Besides discussing the future role of the United Nations in her speech on Sunday, Mrs Thatcher will analyse the role of the US and European democracies in extending their values on peace, law and freedom. The Iraqi invasion has thrown the issues into unexpectedly high relief, requiring modification of the text. But British sources said that Baghdad's action “underlined the importance of the points she was going to make”.

Mrs Thatcher said yesterday that if the Iraqi occupation of Kuwait were allowed to endure other small countries would never feel safe. She said that the members of the international community could do nothing separately. They had to have the “collective will to see that this Security Council resolution against Iraq is upheld. And the collective will for further measures too. We are prepared to support those measures which collectively we can agree to, and collectively we can make effective.”

Edition 3*s
FRI 03 AUG 1990

Military action condemned by Thatcher


MARGARET Thatcher yesterday unreservedly condemned the Iraqi invasion of Kuwait, which dominated her talks with President Bush at Aspen, Colorado. Her condemnation was relayed by Downing Street, which said the invasion underlined the need for military readiness and international co-operation in a world of declining superpower influence.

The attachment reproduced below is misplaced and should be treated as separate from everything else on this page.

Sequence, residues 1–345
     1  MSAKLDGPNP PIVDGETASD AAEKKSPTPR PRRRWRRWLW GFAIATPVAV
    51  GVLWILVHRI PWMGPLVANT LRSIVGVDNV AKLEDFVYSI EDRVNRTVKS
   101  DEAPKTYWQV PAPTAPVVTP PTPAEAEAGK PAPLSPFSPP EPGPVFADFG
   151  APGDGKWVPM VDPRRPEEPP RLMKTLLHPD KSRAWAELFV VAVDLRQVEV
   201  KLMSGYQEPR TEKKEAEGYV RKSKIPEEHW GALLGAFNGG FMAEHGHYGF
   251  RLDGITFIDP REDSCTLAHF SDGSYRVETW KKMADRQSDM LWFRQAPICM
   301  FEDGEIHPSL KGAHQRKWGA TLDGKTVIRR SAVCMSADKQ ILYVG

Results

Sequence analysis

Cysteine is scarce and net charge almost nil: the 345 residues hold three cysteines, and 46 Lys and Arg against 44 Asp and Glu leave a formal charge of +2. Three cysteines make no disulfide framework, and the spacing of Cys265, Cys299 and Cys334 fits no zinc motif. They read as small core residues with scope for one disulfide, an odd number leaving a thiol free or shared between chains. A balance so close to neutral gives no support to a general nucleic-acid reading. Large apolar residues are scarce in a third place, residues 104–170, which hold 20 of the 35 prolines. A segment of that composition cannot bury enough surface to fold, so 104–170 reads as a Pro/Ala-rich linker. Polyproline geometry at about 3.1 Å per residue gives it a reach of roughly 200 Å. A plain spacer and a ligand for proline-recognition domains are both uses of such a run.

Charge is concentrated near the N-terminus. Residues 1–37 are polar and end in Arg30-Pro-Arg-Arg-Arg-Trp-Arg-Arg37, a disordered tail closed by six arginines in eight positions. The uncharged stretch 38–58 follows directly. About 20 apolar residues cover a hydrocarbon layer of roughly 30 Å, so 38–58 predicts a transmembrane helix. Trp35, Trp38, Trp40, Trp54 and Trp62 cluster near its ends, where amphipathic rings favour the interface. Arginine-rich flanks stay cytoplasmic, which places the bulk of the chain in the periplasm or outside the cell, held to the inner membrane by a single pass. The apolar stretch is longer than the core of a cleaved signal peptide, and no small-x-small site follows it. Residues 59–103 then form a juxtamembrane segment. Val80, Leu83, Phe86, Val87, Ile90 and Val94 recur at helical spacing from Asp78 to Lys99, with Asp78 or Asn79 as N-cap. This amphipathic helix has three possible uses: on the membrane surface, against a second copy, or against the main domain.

However Gerald Kaufman, the shadow foreign secretary, yesterday branded Britain's response to ominous acts by Iraq so far this year as flabby. He described Saddam Hussein as one of the world's greatest dangers to peace. The European Community should have an emergency meeting. A list of economic sanctions should be drawn up and imposed immediately.

Sir David Steel, the Liberal Democrat spokesman on foreign affairs, said the world community should announce an immediate universal ban on the purchase of oil from Iraq. The United Kingdom should be willing, if invited, to allocate military support to the neighbouring Gulf states, he said.

Douglas Hurd, the foreign secretary, who rebuffed Mr Kaufman's accusation that the government's response had been inadequate, urged his EC counterparts to arrange a meeting of the 12 political directors within 48 hours. Whitehall sources said an oil embargo and the freezing of Iraqi assets in Europe were likely to be considered.

David Howell, chairman of the all-party foreign affairs committee, said that if Iraq did not get out of Kuwait there must be a total trade freeze. “We should contemplate a unified, Soviet-backed as well as American-backed, plan to get Iraq out.”

Downing Street sources refused to speculate on what action might be taken if Iraq did not withdraw. The government supports a 48-hour cooling-off period to give Iraq time to respond to a UN Security Council resolution calling for withdrawal.

The prime minister was told of the attack on the first day of her trip to Aspen where she is to make a speech on international security after the cold war. The invasion has thrown the issues on which she is to speak into high relief.

British sources said it underlined the importance of the points she was going to make, including the role of international peacekeeping forces. She intends to call for a “reinvigoration” of the UN and an end to years of “double talk and double standards”.